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Author, Ana Ghaffari is a 2nd year Law student at the University of Liverpool.
For those of you who didn’t know, this year’s World Mental Health day was on 10 October. This important day got me thinking about what I do to help my mental health in these confusing, chaotic times. Though crying may be the first thing I want to do, I’ve learnt other useful tips to help my mental wellbeing that I wanted to share with you.
I know most people say this, but I don’t think we realise how important sleep is. For me, my mental health is at its best when I feel energised, mostly because of a good night’s sleep! Cutting down on my lattes before bed (a quick switch-aroo to a cup of camomile tea), writing down my ‘things to do’ for the next day on a post-it, and winding down properly before bed really helps me to go to snooze quicker and get the full eight hours sleep.
It’s so easy to disregard this tip, especially since everything (from our ready meals to our clothes shop) is now accessible from our fingertips. Nonetheless, there is no substitute for actually going outside. It reminds me that whilst my brain may feel hectic, I can give it some TLC with a deep breath of fresh air. If you’re particularly sporty, going for long walks or runs would help with this. But, if you’re like me, and the last time you ran was in PE in year 9, going for a stroll to the shops will do the job just fine!
Following on from my last point, I understand that it would be difficult to go outside if you’re self- isolating. When I was self-isolating, I found that connecting with friends and family virtually through facetimes really helped my mental wellbeing and lifted my mood. You could do family quizzes with your siblings, virtual cooking classes with your friends, or even just call your parents with a brew! If connecting with family and friends is quite hard, joining a society at University and attending virtual meetings gives you a sense of accomplishment, which again will make you feel a lot more positive.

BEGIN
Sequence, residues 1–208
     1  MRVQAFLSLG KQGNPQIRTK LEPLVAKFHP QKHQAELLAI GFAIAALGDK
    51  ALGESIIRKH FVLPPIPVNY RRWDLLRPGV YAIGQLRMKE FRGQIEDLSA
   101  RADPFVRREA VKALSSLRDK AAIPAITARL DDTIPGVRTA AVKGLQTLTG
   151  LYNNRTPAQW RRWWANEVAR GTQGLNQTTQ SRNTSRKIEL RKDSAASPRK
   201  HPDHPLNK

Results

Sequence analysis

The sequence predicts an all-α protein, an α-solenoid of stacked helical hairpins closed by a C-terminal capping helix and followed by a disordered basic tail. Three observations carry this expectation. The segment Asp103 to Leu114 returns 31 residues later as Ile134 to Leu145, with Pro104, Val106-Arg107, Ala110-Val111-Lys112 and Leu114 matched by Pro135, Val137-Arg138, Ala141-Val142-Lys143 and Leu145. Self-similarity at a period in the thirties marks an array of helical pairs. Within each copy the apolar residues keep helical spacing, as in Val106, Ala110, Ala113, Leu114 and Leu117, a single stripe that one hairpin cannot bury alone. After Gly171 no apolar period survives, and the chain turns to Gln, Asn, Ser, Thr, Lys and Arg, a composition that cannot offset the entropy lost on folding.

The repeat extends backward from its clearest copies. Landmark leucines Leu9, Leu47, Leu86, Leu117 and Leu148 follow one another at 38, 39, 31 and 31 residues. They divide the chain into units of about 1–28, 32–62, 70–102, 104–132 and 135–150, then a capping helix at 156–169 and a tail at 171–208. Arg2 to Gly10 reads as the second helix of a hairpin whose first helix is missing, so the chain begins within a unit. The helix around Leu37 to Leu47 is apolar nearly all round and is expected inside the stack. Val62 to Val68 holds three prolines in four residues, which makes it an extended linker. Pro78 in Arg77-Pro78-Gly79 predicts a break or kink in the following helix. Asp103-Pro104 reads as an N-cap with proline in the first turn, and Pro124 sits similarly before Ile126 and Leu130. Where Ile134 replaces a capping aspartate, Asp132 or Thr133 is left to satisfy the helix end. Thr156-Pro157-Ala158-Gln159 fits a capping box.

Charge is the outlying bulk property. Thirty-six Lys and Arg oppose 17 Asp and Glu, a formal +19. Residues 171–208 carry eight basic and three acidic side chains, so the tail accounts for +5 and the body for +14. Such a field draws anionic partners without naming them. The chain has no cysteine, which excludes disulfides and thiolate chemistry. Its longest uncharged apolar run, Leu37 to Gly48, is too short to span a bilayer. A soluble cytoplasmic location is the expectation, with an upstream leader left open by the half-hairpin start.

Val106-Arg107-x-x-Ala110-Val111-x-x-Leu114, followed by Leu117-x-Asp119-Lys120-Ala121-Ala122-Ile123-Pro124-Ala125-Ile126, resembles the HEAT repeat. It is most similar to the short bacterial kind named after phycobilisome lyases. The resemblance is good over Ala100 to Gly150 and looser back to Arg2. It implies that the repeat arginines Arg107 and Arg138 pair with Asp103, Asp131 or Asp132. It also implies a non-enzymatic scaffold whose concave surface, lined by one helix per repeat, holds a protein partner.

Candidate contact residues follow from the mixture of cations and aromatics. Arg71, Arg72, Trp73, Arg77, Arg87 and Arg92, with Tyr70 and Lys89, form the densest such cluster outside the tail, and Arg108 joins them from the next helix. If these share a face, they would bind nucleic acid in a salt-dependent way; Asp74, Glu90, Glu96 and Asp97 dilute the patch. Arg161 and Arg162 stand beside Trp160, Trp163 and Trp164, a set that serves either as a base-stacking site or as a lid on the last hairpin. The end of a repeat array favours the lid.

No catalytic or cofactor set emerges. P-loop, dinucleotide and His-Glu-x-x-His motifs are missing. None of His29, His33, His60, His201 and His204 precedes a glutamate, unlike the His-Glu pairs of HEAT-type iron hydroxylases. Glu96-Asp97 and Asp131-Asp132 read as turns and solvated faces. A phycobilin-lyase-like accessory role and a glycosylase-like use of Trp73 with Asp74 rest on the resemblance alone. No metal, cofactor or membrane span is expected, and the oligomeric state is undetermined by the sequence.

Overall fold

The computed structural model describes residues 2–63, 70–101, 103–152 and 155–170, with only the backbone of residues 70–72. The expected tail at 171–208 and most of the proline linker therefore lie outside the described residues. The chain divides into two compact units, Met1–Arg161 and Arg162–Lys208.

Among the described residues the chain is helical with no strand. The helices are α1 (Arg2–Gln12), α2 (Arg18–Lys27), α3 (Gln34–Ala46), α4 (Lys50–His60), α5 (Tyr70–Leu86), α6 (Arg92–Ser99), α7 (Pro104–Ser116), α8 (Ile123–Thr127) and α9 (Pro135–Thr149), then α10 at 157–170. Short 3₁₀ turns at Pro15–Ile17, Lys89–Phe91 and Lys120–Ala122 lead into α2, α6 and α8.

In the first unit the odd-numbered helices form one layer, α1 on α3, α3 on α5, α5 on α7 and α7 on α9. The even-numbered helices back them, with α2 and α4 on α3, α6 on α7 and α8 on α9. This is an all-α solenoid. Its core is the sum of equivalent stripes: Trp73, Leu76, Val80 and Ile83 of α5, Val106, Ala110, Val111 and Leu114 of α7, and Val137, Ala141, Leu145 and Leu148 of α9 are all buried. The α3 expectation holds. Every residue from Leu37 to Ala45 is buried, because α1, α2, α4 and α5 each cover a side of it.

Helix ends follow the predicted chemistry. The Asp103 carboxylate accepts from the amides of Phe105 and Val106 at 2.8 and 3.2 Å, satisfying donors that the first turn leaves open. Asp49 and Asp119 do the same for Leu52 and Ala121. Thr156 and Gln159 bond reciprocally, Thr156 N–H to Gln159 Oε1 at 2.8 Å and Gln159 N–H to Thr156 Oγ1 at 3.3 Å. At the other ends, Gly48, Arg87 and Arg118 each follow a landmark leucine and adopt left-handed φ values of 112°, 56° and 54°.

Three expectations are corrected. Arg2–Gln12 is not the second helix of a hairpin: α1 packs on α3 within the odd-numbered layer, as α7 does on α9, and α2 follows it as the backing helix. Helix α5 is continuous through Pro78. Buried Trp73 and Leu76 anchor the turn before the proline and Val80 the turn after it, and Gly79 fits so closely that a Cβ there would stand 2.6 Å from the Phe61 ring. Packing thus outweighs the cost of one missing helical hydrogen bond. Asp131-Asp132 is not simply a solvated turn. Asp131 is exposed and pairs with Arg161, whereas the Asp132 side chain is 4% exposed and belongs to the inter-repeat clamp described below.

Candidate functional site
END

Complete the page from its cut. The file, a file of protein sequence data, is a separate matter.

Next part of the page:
Though it may feel like you can’t control what’s going on in your mind, managing what’s happening externally will help you feel more in control. For me, keeping busy with things to do really helps me to not get lost in my feelings. I find creating small but manageable goals for myself (like cooking a meal or cleaning my room), that I know I can achieve helps me to feel accomplished, something that improves my mental wellbeing.
This is your life, you have to do things that YOU enjoy. Arranging time each day to do something that you enjoy will give you something to look forward to. After a hard day, I like to put an hour aside and paint my nails as I find it relaxing and it gives my brain a break from working hard throughout the day. I also enjoy writing, so putting my thoughts down in words helps me to rationalise my thoughts and separate my realistic fears, with my not so realistic ones! It really is completely up to you what you choose, but doing something you enjoy for at least an hour a day will make your mind and body relax which will in turn help your mental wellbeing.
Sometimes, not speaking out about your worries feels like you’re being swallowed. And trust me when I say, telling someone how you really feel takes so much weight off your shoulders. Whether it be friends or family, you will be amazed at how many people care about you and want the best for your mental wellbeing. If you don’t have sympathetic friends and family, the University offers many excellent student support services to help us out if we need. They are really good!
This being said, we must not forget that this year has been one of the most challenging years for everybody. So, it is essential to not be so hard on yourself and to remember to give yourself a break. You’re only trying your best. I hope World Mental Health Day has made you think about what you do to look after your mental health, and I hope you found some of my tips beneficial!
If at any time during your studies you feel you might benefit from some extra support, we’re here to help.
Student Services offer comprehensive support and welfare services. The team are currently offering support via phone and email. They also have a limited number of daily appointments. Visit the Student Service webpages to get in touch and find out more.
If you or a friend is in danger, you will need to call the appropriate emergency service by calling 999.
For 24-hour help, please call The Samaritans who offer a 24-hour helpline (116 123).
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